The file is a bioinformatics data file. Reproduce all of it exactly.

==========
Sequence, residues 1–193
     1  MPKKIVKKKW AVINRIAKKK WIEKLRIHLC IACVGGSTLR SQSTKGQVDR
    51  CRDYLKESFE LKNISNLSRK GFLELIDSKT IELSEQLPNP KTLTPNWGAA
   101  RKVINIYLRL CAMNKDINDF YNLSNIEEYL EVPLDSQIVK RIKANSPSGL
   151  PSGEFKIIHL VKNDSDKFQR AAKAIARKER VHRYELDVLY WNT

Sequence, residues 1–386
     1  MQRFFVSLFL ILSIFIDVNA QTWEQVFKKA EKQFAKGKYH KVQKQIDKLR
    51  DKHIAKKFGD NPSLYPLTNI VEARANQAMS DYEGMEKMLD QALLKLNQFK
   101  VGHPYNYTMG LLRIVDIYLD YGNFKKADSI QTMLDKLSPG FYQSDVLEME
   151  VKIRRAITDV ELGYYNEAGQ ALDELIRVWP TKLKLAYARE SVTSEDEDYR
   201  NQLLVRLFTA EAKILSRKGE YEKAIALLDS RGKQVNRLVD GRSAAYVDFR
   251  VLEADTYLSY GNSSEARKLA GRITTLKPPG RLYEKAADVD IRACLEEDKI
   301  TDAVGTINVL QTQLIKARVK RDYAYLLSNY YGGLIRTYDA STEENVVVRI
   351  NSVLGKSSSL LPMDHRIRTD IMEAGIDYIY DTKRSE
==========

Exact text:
Sequence, residues 1–193
     1  MPKKIVKKKW AVINRIAKKK WIEKLRIHLC IACVGGSTLR SQSTKGQVDR
    51  CRDYLKESFE LKNISNLSRK GFLELIDSKT IELSEQLPNP KTLTPNWGAA
   101  RKVINIYLRL CAMNKDINDF YNLSNIEEYL EVPLDSQIVK RIKANSPSGL
   151  PSGEFKIIHL VKNDSDKFQR AAKAIARKER VHRYELDVLY WNT

Sequence, residues 1–386
     1  MQRFFVSLFL ILSIFIDVNA QTWEQVFKKA EKQFAKGKYH KVQKQIDKLR
    51  DKHIAKKFGD NPSLYPLTNI VEARANQAMS DYEGMEKMLD QALLKLNQFK
   101  VGHPYNYTMG LLRIVDIYLD YGNFKKADSI QTMLDKLSPG FYQSDVLEME
   151  VKIRRAITDV ELGYYNEAGQ ALDELIRVWP TKLKLAYARE SVTSEDEDYR
   201  NQLLVRLFTA EAKILSRKGE YEKAIALLDS RGKQVNRLVD GRSAAYVDFR
   251  VLEADTYLSY GNSSEARKLA GRITTLKPPG RLYEKAADVD IRACLEEDKI
   301  TDAVGTINVL QTQLIKARVK RDYAYLLSNY YGGLIRTYDA STEENVVVRI
   351  NSVLGKSSSL LPMDHRIRTD IMEAGIDYIY DTKRSE